Obama credited American leadership, especially in the New Strategic Arms Limitation Treaty, for curbing the global nuclear threat.

Thanks to the treaty, he said, far fewer nuclear weapons and launchers will be deployed.

"Because we rallied the world, nuclear materials are being locked down on every continent so they never fall into the hands of terrorists," he said.

America leads the world in the quest for freedom and security, the president said, and the nation must always remember "that the Americans who have borne the greatest burden in this struggle are the men and women who serve our country."

For more on the story, click here.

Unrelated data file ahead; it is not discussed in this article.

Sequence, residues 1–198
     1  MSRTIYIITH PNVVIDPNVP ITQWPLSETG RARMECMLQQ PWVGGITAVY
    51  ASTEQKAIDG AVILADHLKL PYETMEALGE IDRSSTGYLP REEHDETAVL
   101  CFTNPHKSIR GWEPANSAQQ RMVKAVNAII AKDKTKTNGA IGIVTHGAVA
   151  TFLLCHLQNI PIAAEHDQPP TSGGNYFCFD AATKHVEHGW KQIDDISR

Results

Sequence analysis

Filed under: Defense News, History, News To Us,

January 24, 2011 at 12:12pm

3rd Stryker Brigade rededicates unit memorial

JOINT BASE LEWIS-MCCHORD, Wash. - The 3rd Stryker Brigade Combat Team, 2nd Infantry Division, will rededicate the Arrowhead Brigade Memorial on Wednesday, January 26, at 3 p.m., during a ceremony that will be conducted adjacent to the brigade headquarters.

The names of eight Soldiers who died during the brigade's 2009-20010 deployment to Iraq will be added to the memorial during the ceremony.

The Arrowhead Brigade Memorial is a 6-foot tall bronze statue of a Soldier in full battle gear, and the statue stands atop a granite base with panels etched with the names of fallen Soldiers. The memorial honors Arrowhead Brigade Soldiers who have fallen since the brigade's inception.

During the October 2007 ceremony at which the memorial was first unveiled, the names of 88 Soldiers assigned to the brigade who died in combat or training, as well as those from other units who died while they were under the brigade's operational control were read.